Both Morel and Harris have been frank and fair-minded enough to condemn regrettable episodes and excesses in British territories, as English people must know better than I. How far Mr. Morel is an acceptable authority on these or other matters in England I do not profess to know, but I would protest with every right that it is not for people who still persist in crediting the often frivolous and more often baseless charges which were brought in pre-war times by German Social Democratic deputies and journalists against the Government of our colonial empire - which, to be sure, many of them never wanted, and would have given away to the first applicant - to pooh-pooh and reject Morel's countercharges as necessarily fictitious, and say: "We are prepared to believe anything said by a German Socialist and Labour man against Germany, but we will believe nothing whatever that an English Socialist and Labour man may say against us and our Allies." Such a method of controversy should be repugnant to every decent mind, and moreover its very employment is a confession that the case defended is weak and not very creditable.

To go, however, to other witnesses, during the session of the British House of Commons of July 4, 1923, Mr. Snell, M.P., brought a charge to the effect that in Kenya, British East Africa, in the course of the last few years natives had either been whipped to death by whites or had died in consequence of ill-treatment. One case occurred in 1920, the delinquent being only convicted by a white jury of "simple hurt," and a still worse in June, 1923, the white murderer in this instance, when likewise tried by a white jury, being sent to prison for two years. This native was flogged by a white settler until he was tired, and then by two black employees in turn until their victim collapsed. A detailed account of this shocking case (with two others), written by Mr. Harris, with the title "Flogging in Kenya," appeared in the Manchester Guardian of November 16, 1923. Dr. Norman Keys also deals with this case, and the subject of white cruelty to natives generally, in [110] his book Kenya, published in 1924, adding:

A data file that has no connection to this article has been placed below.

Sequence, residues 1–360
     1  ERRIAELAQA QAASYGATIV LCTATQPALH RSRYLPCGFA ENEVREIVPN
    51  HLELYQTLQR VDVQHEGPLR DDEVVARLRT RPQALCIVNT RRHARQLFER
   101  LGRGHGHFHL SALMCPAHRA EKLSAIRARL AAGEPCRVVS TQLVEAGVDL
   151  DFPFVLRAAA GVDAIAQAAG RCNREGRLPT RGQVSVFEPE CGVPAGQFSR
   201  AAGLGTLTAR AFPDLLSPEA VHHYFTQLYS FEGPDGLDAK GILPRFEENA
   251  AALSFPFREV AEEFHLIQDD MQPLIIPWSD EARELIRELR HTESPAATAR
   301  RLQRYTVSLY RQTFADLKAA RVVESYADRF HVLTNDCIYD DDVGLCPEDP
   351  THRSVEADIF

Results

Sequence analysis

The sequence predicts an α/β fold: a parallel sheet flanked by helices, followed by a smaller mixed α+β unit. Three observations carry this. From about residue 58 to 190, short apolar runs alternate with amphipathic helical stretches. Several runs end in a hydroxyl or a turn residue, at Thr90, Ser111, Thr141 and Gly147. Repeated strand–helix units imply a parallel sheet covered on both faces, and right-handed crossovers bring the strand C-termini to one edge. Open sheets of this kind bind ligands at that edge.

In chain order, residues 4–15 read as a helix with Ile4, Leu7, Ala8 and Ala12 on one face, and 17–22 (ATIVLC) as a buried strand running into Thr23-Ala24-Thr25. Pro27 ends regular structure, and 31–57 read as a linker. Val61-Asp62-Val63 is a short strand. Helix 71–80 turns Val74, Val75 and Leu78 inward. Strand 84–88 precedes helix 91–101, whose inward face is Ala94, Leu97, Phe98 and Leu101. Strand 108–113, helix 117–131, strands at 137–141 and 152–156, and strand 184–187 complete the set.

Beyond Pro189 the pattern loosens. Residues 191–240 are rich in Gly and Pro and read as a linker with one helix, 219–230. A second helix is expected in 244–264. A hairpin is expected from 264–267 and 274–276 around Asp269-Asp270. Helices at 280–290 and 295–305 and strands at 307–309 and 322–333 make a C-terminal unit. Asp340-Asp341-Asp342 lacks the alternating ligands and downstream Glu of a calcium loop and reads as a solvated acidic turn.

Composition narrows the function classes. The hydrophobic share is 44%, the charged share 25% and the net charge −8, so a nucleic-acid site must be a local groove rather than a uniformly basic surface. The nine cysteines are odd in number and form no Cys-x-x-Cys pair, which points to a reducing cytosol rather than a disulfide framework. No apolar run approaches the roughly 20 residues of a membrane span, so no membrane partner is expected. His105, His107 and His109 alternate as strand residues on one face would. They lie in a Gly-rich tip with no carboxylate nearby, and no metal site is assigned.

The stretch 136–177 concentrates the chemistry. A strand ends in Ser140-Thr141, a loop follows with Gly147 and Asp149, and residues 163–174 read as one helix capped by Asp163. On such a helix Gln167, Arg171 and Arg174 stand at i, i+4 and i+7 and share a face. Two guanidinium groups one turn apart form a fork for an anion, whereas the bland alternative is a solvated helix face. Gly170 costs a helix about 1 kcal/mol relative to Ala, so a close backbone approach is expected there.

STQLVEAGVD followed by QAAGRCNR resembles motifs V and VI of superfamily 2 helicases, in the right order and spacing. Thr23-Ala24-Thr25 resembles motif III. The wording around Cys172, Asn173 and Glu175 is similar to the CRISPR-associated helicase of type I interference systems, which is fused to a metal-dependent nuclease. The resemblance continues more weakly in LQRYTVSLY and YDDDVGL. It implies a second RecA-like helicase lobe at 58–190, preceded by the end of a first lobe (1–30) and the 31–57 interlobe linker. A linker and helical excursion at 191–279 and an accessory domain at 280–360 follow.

"Such floggings are neither rebuked by the general opinion of Kenya nor punished by the law, while men like Kitosh (the murdered native), who try to escape from brutal masters, are hunted down by the police, severely punished, and compelled to complete their contracts of service" (see pp. 159-69).

It was in relation to Kenya that the Archbishop of Canterbury, speaking in the House of Lords on May 20, 1925, admitted that there had been "scandalous cases" of ill-treatment, though he protested justifiably against generalizations. Lord Buckmaster, who followed him, was not so lenient, for he stated:

      "Certain events which had happened in Kenya recently had undoubtedly shocked everyone who had been made acquainted with the facts. He agreed entirely that it would be a serious injustice that all these acts - some of which were acts of unredeemed brutality - should be regarded as symptomatic of the general conduct of the settlers in that country. They obviously were not. He knew that such cases might not infrequently occur where white people in tropical countries dealt with the native population. But the thing that had seriously affected his mind was the fact that when the people who committed these acts were brought before the court they were not justly and adequately punished. It did not appear that their conduct was publicly reprobated. The natives at present had no security in the reserves that they occupied. They had no guarantee that further parts of their land might not from time to time, as it was thought fit, be taken away and allotted to other settlers.... He was most anxious to see that the natives were not allowed to be used for the creation of wealth which they did not share. In the past there had been a policy of attempting to put pressure on the natives to induce them to leave their reserves and to work for the white man. He wanted an assurance from the Government that that pressure was going to cease. Things had been happening in Kenya which could never have happened in India and had never happened in any other part of the Empire. He wanted to be assured that those things would not happen [111] again and that we should do everything to discharge to the native population the solemn duties which we had undertaken on their behalf."

Lord Balfour wound up the discussion in a speech in which he uttered the ambiguous words: "Without dogmatizing, we must assume that one mission which we had deliberately undertaken was that of benefiting the natives by civilizing the country in which they lived and by making them sharers in that civilization." It is only necessary to add that while the indictment made against German colonial administration in part goes back thirty years, the condition of things revealed by Lord Buckmaster as existing in a British colony refers to the present time.5

Let us be honest, however, and admit that such episodes will always occur so long as "man's inhumanity to man" is a factor to be reckoned with. The record of every colonizing country is stained with dark blots, for the most benevolent colonial administration in the world cannot wholly protect all its black subjects against harshness and abuse. All that it can do is to prosecute delinquents with the utmost diligence and to see, as far as is possible, that all evil elements are eliminated. That this was done by the German Government, especially in the years preceding the war, can be disputed by no one who is conversant with the actual facts. It is a Frenchman, Alcide Ebray, who writes in La Paix malpropre, published in 1924: